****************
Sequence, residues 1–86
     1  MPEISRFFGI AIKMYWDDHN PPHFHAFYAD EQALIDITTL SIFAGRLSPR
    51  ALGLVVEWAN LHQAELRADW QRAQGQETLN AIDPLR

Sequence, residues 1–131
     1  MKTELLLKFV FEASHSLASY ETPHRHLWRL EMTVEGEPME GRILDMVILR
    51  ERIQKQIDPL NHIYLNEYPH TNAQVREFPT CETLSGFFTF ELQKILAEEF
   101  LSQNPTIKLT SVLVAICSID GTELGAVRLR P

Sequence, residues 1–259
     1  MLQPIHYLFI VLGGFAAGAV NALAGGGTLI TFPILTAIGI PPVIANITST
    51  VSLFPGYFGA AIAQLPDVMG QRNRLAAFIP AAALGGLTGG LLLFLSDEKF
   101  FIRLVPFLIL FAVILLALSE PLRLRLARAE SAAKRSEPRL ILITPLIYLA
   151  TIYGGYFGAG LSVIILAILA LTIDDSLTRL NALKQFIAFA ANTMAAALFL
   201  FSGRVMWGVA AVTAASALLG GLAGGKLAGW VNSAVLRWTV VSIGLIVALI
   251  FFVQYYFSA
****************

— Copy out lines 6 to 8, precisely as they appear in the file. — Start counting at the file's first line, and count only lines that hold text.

    51  ERIQKQIDPL NHIYLNEYPH TNAQVREFPT CETLSGFFTF ELQKILAEEF
   101  LSQNPTIKLT SVLVAICSID GTELGAVRLR P

Sequence, residues 1–259